EYFS Activities: Sharing books… Baby Day

Penny Tassoni has ideas for reading Baby Day with the youngest children

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baby-day-coverBaby Day is a lovely non-fiction book that uses simple rhyming text and a series of photographs to illustrate babies’ routine experiences. Starting with a yawn, the book moves on to a baby pictured next to a set of stacking rhymes and, finally – over six spreads – ends with bath time and bed. The board book format is perfect as first books are often handled roughly and even mouthed.

This book has been carefully designed to introduce babies to the world of books. The simple photographs featuring a different baby on each page are likely to attract a baby’s interest, as we know that staring at faces is something that most babies enjoy doing.

The text has a lovely rhythm and the rhymes are strong, making it easy to share. There is much research to show that the early exposure to books is beneficial for both attachment and language development. In this age of tablets and mobile phones, helping babies and toddlers to understand how books ‘work’ is an essential activity. This book fits the brief well.


Although designed for babies and toddlers, this book may appeal to three- and four-year-olds, who often return to books that they once enjoyed.

Pop it in a topic book box or role-play area if ‘babies’ or ‘growing up’ is a part of a theme. Recommend it to parents with babies, as the strong rhymes make it an easy read. And use it to help support diversity, as it features babies of different ethnicities.


This book is worth reading as part of babies’ or young toddlers’ routine. Sharing books with babies is a real skill, however. First, you need to choose a time when a baby is calm and relaxed. Just before or after a nap can work well. In the early days of book sharing, babies should be seated on you, so that they associate books with cuddles and comfort.

This is a book where you will need to follow a baby’s or toddler’s interest. You may find that a baby stares longer at some photographs than others or that a toddler will turn a page quickly once they lose interest. If possible, always read the text so that babies and toddlers start to link the words to the text. As it takes time for babies and toddlers to recognise words and photographs, it is worth sharing this book each day so that it becomes increasingly familiar.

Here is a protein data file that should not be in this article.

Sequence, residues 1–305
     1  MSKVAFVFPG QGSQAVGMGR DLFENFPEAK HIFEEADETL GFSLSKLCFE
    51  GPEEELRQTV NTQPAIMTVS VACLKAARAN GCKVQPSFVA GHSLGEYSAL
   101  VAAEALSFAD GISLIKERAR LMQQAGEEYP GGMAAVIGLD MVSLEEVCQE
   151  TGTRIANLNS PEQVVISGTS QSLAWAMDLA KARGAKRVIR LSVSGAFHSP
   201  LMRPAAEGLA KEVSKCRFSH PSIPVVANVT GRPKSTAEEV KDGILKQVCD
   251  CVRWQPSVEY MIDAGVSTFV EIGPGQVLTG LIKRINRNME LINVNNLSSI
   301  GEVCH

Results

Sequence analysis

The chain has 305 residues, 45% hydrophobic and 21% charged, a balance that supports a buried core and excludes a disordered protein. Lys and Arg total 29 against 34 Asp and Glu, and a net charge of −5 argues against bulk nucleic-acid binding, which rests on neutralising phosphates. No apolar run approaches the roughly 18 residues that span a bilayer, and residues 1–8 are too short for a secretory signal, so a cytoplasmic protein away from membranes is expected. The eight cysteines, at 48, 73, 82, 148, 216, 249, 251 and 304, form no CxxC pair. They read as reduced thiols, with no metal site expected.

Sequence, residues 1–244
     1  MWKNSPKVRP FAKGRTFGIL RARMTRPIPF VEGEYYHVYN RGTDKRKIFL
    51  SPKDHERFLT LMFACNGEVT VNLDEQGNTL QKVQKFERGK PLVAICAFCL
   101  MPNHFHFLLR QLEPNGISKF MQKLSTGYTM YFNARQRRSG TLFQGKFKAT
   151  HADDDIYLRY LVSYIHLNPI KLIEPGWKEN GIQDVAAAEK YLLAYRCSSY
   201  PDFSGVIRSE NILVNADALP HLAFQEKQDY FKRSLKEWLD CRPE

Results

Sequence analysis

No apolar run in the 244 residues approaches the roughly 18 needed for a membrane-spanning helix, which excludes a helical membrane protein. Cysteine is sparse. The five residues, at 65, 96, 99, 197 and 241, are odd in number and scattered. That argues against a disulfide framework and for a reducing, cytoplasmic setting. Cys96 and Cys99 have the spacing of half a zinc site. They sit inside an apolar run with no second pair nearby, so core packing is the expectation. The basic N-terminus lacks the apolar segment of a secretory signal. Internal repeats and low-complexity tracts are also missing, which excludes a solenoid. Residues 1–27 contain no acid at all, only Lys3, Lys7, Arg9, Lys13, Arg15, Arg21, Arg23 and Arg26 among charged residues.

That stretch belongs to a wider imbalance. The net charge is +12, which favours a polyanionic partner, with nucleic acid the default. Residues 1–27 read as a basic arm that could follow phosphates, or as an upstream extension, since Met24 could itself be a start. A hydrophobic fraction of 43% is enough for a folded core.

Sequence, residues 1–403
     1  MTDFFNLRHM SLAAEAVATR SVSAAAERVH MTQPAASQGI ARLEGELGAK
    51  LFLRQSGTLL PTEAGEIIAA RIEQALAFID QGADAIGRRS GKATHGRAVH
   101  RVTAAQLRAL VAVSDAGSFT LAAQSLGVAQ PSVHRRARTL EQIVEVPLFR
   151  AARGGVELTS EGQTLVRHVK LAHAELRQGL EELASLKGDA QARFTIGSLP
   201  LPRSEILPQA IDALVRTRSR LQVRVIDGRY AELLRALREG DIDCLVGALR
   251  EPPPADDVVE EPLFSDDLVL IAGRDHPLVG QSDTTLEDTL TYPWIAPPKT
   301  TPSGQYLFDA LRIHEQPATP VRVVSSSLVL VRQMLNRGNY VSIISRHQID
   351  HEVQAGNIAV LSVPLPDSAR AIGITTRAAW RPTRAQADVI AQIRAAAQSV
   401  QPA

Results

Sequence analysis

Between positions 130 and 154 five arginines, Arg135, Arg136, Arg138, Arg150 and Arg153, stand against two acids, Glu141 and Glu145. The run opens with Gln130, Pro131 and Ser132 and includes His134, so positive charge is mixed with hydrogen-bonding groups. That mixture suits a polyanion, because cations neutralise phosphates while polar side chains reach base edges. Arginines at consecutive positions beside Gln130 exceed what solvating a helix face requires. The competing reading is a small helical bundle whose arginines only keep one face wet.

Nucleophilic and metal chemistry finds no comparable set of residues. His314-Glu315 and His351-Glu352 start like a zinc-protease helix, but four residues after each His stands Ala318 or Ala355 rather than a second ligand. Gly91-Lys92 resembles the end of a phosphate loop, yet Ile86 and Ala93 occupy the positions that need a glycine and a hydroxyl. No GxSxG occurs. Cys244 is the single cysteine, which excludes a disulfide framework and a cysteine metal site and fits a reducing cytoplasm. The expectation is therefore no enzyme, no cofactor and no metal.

This book supports the three Prime areas of the EYFS.

Personal, social and emotional development

Use this book:

To help babies and toddlers feel more settled by sharing it before or after nap time. This will be especially effective if their key person shares the book.

To support children’s social development. Encourage babies to look at the faces in the pictures or draw toddlers’ attention to the baby that looks very happy or the baby who has a ‘thinking’ face.

As a basis for creating your very own ‘busy day’ visual timetable. Take photographs of each baby or a toddler at different points in the routine for your setting. Then use them in either a laminated display or pop them into a fabric photograph book that is available for babies. Helping babies and toddlers recognise key routines can be very helpful, especially when babies and toddlers first join the setting.

Language development

This book can help babies and toddlers to recognise a few key words, especially if the book is shared with them regularly. Recognising and then understanding the meaning of a few words is the starting point for learning to talk.

Aim to create a routine when using the book. This might mean pointing out the ducks every time you come to the page about bath time, or the moon on the final page. You may also like to look out for ducks, a towel and a stacking ring to see if babies and toddlers can make the connection between items they can see in the book and in real life.

Physical development

This book will support babies’ and toddlers’ fine motor skills. At first, babies are likely to struggle to turn pages independently, but with a little help, many babies can do so by 12 months. With toddlers, you may encourage them to hold the book alongside you.


While the Prime areas are the focus for work with babies and toddlers, this book can lay the foundations for auditory awareness. If this book is shared several times, babies and toddlers will start to recognise the rhymes, and if a pause is left just before a rhyme, toddlers may start to fill in the missing sound.

Baby Day is one of a wide variety of baby and toddler books published by Little Tiger Press. Other titles include Baby Play, Peekaboo Baby and Goodnight Baby! To see the full range, visit: www.littletiger.co.uk


Over the course of this monthly series on sharing books with children, Penny Tassoni will look at a range of fiction and non-fiction titles, from rhyming books for babies to picture books that adults and children can explore together.

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